But rather than be paralyzed by the relentless barrage of bad news, Gameau suggests that after we acknowledge how dire the situation is, we move on to focus on the solutions—solutions that already exist.
That’s the theme of the film he’s been working on for the past three years, called “2040.” Gameau describes the film as:
. . . a visual letter to my daughter showing her what the world could look like that year if we put into practice some of the best solutions that exist today.
Those solutions, Gameau says, “include regenerative agriculture practices which takes carbon from the atmosphere and returns it to the soil with the cascading benefits of water retention and nutrient-dense food.”
In our newsletter this week, you’ll find the usual dose of bad news—burgers made with GMO soy, grown with a known carcinogen . . . the failure to ban a poison known to cause brain damage in children.
But you’ll also read about solutions, about the growing momentum behind the movement to regenerate everything from our soils and water, to our health, the economic and social revitalization of our communities and to the restabilization of our climate.
Regenerative agriculture solution isn’t the only solution to all of our problems. But it's an essential piece of the solution puzzle. And it’s here. Now.
We’ve got this. All we have to do is scale it up. And with your help, we will.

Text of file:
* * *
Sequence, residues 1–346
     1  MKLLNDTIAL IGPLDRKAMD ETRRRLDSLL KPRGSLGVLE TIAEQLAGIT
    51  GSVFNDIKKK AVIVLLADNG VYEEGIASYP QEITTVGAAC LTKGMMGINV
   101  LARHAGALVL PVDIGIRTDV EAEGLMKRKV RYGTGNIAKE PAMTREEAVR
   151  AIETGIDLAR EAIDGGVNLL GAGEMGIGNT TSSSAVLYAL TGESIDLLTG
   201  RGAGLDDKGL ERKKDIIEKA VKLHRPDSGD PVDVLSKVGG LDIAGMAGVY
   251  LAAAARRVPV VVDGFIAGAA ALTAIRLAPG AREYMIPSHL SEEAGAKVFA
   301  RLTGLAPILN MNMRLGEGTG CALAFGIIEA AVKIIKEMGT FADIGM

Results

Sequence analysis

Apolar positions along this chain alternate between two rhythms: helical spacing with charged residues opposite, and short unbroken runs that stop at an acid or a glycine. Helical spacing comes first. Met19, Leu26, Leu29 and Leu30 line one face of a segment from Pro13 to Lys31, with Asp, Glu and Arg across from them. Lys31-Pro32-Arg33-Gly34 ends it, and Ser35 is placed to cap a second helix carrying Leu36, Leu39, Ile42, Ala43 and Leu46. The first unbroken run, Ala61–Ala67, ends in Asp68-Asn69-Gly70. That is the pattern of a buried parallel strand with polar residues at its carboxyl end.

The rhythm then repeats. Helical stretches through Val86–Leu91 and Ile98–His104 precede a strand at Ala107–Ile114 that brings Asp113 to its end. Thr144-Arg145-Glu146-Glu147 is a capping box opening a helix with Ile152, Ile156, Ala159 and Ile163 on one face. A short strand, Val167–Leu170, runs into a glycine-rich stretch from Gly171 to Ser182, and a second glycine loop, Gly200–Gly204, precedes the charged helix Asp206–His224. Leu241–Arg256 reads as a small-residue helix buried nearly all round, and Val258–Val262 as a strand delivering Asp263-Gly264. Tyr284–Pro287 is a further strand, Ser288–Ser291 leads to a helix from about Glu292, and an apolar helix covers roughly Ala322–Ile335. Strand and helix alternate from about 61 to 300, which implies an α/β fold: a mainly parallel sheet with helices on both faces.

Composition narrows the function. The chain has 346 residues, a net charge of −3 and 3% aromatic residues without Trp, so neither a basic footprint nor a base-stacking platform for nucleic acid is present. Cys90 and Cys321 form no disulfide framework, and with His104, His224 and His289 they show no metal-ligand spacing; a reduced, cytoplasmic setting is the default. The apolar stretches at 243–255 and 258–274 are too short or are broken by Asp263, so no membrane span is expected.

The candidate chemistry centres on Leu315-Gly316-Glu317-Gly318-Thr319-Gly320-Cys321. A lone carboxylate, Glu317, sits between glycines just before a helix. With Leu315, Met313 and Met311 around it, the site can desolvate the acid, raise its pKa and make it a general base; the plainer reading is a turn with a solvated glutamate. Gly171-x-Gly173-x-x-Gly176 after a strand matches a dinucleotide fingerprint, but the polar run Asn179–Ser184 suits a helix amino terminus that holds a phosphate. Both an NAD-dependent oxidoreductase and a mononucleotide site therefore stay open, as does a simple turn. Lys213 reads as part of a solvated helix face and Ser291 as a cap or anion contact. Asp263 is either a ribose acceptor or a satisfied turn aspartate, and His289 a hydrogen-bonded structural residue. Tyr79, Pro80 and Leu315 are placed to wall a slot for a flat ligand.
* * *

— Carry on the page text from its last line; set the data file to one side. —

Make a tax-deductible donation to the Organic Consumers Association
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In 2018, record numbers of women, people of color and political outsiders set out to transform Congress. Some of them won, some of them lost.
But they ran. They got involved. They challenged the status quo.
Whether you identify as Republican or Democrat, Libertarian, Independent or Green, the film “Knock Down the House” has lessons for all of us.
This is a film about fearless people with passion. A film about having the courage to stand up for regular working people, to speak out against corporate interests, to challenge institutional power.
As one person in the film says:
"We don’t care about party. We just want to get stuff done. If we elect working people, working people can have representation in government, we can change the way we see politics, the way we see government in this country."
You might not agree with everyone in this film. You might not like their viewpoints on the issues.
But you’ve got to give them credit for reminding us that this government belongs to us. All of us. Not just the powerful and wealthy. And it’s time to take our government back.
Watch the trailer for “Knock Down the House”
Read ‘Knock Down the House and the Quiet Insurgency of Tears’
Who knows better than someone who’s been an organic farmer for 50 years, what “organic farming” means?
Probably no one, especially if that organic farmer is Eliot Coleman.
It’s easy to forget that before there was a National Organic Program, before there was organic certification, before there were genetically engineered crops and industrial factory farms, there were farmers—farmers who grew nutritious food and raised healthy meat, using farming and ranching practices that worked with, and enhanced, Earth’s natural systems and cycles.
These farmers are the original “definers” of organic.
Read ‘Organic Farming Explained’